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Another Italian, Lorenzo Musetti, had no trouble booking his second-round spot in Stuttgart. The sixth seed downed qualifier Borna Gojo 7-6(4), 6-3 for his maiden tour-level victory on grass at the fifth attempt.

Musetti saved a set point in the 10th game en route to the first set against Gojo before claiming the only break of the match in the second to seal an 89-minute win. The Italian, who rose to a career-high No. 17 in the Pepperstone ATP Rankings on Monday after his fourth-round run at Roland Garros, will play Oscar Otte or Gregoire Barrere in the second round.

Musetti’s fellow 21-year-old Jiri Lehecka also notched his first tour-level win on grass with a 4-6, 6-3, 6-4 win against Marcos Giron. The No. 37 ranked Czech now prepares for his maiden ATP Head2Head meeting against third seed Frances Tiafoe in the second round.

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Arnaldi Claims Fourth Challenger Title To Reach Career High

  • Posted: Jun 12, 2023

Arnaldi Claims Fourth Challenger Title To Reach Career High

#NextGenATP Svrcina wins on home soil

Italian Matteo Arnaldi continued his 2023 breakthrough Sunday when he captured the ATP Challenger Tour 125 title in Heilbronn, Germany. The fast-rising 22-year-old, who is one of four Challenger champions this week, is at a career-high No. 72 in the Pepperstone ATP Rankings following his triumph at the NECKARCUP.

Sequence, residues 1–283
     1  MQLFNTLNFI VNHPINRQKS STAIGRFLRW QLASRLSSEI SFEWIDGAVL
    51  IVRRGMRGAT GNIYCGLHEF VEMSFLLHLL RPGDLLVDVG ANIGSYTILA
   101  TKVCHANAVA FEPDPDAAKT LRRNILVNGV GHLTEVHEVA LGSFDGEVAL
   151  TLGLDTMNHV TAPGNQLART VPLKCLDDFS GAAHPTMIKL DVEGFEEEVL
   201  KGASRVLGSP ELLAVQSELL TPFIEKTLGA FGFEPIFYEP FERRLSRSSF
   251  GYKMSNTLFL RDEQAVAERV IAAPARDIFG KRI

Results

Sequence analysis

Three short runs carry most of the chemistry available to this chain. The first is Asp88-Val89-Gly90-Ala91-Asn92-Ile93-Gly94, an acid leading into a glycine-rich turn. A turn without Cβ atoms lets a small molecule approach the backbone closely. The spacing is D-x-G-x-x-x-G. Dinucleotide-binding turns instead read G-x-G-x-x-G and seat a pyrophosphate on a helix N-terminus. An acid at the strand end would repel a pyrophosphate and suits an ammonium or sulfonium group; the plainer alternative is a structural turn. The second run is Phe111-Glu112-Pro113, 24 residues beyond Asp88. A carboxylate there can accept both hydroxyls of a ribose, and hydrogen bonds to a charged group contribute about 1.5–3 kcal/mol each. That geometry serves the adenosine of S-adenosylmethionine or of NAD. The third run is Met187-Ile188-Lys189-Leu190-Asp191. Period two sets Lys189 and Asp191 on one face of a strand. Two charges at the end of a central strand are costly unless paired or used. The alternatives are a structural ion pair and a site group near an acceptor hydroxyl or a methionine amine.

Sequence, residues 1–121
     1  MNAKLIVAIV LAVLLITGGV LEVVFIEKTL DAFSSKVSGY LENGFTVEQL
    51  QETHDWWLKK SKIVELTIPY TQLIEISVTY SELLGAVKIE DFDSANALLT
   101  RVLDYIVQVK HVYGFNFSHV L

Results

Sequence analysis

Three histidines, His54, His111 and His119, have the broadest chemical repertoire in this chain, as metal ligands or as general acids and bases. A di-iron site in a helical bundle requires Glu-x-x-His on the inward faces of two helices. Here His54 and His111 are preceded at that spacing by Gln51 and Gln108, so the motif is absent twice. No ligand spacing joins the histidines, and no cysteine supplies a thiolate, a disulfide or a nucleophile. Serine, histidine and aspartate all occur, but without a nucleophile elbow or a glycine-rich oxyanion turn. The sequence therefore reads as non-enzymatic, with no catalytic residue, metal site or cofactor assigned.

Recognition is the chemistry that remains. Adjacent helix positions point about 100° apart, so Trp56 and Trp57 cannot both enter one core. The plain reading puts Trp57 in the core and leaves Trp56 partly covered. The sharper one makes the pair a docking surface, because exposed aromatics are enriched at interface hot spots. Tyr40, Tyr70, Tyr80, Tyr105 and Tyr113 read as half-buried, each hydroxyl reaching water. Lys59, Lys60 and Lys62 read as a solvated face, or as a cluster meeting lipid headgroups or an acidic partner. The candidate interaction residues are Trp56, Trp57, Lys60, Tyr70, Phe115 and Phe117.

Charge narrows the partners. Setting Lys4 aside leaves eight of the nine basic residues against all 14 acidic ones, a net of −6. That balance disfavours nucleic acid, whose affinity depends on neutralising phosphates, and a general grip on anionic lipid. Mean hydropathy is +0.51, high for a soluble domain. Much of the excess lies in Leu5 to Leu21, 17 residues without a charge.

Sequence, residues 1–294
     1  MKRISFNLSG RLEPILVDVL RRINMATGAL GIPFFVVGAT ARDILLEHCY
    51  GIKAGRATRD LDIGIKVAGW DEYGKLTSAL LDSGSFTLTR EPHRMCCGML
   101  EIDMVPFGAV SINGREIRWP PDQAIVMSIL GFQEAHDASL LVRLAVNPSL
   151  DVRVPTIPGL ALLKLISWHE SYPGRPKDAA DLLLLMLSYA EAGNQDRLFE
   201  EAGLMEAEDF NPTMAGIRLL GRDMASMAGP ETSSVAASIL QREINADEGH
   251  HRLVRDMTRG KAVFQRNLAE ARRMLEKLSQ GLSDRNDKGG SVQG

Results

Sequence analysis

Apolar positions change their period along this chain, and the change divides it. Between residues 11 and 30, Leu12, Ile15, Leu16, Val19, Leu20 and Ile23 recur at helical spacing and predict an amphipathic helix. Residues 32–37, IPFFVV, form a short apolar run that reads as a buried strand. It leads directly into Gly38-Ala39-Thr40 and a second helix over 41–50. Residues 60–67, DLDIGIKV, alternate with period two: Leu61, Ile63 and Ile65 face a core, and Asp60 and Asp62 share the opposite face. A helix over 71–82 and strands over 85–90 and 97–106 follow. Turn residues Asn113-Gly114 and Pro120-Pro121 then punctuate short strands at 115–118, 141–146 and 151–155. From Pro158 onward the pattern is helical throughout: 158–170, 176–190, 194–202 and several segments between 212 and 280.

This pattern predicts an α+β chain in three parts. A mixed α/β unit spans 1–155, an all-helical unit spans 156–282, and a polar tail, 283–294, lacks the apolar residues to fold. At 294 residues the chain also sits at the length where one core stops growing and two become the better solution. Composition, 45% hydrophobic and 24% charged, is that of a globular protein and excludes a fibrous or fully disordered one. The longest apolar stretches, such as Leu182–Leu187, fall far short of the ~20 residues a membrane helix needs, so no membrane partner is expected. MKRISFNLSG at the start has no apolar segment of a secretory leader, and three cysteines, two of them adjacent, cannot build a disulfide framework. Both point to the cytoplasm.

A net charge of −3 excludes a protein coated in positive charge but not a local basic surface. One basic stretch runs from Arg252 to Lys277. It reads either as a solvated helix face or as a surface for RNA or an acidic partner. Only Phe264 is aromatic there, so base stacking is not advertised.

Fifth seed Arnaldi ousted Facundo Diaz Acosta 7-6(4), 6-1 in the final after winning 30 of 35 first-serve points to end the Argentine’s 14-match winning streak at the Challenger level. En route to the title, Arnaldi twice rallied from a set down, including against second seed Jaume Munar in the quarter-finals.

“Winning the tournament means a lot to me,” Arnaldi said. “I didn’t start the tournament very well, but I improved from match to match and was able to celebrate my third Challenger success of the year. Victory here should now bring me towards 70th in the rankings.”

A four-time Challenger Tour champion, Arnaldi has enjoyed a strong clay-court swing. The Sanremo native first cracked the Top 100 last month after his run to the third round at the Mutua Madrid Open, where he upset third seed Casper Ruud as a qualifier.

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In other Challenger Tour action, #NextGenATP star Dalibor Svrcina was crowned champion at the Unicredit Czech Open in Prostejov.